The lack of evidence for large-scale glacial landscapes on Mars has led to the belief that ancient glaciations had to be frozen to the ground. Here we propose that the fingerprints of Martian wet-based glaciation should be the remnants of the ice sheet drainage system instead of landforms generally associated with terrestrial ice sheets. We use the terrestrial glacial hydrology framework to interrogate how the Martian surface gravity affects glacial hydrology, ice sliding, and glacial erosion. Taking as reference the ancient southern circumpolar ice sheet that deposited the Dorsa Argentea formation, we compare the theoretical behavior of identical ice sheets on Mars and Earth and show that, whereas on Earth glacial drainage is predominantly inefficient, enhancing ice sliding and erosion, on Mars the lower gravity favors the formation of efficient subglacial drainage. The apparent lack of large-scale glacial fingerprints on Mars, such as drumlins or lineations, is to be expected.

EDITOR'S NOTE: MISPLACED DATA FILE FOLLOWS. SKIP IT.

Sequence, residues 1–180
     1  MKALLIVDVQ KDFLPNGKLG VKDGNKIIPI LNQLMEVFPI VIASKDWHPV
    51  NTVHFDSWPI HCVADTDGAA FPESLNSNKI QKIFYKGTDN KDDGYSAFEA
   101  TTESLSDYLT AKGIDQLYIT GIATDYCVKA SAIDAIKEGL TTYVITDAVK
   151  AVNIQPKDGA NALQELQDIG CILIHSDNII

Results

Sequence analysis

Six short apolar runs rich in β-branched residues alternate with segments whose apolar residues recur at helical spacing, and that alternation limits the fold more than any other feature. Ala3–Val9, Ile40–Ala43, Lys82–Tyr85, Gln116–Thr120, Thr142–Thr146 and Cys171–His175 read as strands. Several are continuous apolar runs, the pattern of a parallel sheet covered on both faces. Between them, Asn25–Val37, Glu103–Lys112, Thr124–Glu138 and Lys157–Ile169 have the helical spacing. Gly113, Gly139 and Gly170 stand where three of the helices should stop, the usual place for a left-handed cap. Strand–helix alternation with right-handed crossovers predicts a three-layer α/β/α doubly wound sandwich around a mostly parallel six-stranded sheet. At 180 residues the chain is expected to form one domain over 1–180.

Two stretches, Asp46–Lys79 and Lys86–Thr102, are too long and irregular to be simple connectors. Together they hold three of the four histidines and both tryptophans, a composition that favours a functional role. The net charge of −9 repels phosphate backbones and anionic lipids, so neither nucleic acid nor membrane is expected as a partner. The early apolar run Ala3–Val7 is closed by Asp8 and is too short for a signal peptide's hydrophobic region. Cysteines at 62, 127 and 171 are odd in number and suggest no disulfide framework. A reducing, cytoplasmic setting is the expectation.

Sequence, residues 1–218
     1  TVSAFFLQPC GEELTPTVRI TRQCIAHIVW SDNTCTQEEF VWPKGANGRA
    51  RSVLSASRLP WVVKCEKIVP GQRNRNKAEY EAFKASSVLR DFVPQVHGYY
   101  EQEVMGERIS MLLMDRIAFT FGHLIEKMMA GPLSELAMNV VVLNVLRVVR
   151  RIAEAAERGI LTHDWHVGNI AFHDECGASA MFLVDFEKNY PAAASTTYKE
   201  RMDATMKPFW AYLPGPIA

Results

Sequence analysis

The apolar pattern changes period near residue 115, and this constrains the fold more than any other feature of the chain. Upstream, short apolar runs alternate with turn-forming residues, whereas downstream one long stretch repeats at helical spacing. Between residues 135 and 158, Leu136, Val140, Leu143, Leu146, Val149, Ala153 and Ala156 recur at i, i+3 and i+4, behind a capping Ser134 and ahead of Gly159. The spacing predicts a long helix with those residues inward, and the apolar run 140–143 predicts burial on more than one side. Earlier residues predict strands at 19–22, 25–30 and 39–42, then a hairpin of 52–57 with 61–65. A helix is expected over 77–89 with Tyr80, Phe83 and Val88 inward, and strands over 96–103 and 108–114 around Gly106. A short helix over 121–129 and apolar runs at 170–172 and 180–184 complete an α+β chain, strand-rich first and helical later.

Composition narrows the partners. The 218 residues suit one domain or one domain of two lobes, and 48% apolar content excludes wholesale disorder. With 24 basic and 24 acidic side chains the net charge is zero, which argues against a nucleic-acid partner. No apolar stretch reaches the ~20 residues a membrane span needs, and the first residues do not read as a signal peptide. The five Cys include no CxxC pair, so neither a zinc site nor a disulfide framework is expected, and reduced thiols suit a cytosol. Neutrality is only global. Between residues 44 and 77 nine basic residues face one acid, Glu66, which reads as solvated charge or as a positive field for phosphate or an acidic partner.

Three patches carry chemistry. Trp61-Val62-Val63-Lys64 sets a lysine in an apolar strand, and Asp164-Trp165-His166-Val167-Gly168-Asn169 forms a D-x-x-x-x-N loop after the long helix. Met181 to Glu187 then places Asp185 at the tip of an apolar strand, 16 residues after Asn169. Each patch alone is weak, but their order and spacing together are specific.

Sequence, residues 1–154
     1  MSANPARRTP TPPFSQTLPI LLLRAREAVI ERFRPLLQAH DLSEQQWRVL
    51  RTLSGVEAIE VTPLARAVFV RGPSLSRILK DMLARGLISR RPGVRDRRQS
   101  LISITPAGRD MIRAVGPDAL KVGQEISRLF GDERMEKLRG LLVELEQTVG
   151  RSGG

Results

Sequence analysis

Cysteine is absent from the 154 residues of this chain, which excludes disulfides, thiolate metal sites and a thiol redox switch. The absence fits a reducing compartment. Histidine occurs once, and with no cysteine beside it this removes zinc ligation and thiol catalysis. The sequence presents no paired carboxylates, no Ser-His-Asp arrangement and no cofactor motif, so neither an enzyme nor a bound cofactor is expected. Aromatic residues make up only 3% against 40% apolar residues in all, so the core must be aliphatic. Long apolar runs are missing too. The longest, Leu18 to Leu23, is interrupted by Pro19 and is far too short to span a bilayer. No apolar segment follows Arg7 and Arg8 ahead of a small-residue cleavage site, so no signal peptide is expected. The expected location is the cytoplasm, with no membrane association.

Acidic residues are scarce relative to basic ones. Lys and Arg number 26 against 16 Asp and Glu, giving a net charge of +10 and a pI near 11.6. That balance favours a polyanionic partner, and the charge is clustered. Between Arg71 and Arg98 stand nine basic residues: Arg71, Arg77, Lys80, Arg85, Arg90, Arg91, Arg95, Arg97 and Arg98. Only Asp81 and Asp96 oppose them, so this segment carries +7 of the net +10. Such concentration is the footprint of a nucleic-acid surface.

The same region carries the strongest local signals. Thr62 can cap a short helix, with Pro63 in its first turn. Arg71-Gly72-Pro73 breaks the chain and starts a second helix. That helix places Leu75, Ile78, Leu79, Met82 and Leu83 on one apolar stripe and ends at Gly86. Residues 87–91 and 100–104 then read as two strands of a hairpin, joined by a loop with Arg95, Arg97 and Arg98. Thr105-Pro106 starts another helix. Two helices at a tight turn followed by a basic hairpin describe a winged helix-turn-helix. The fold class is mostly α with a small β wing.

Keywords: early Mars; glacial erosion; glacial geomorphology; ice; subglacial hydrology; valley networks.
© 2022 The Authors.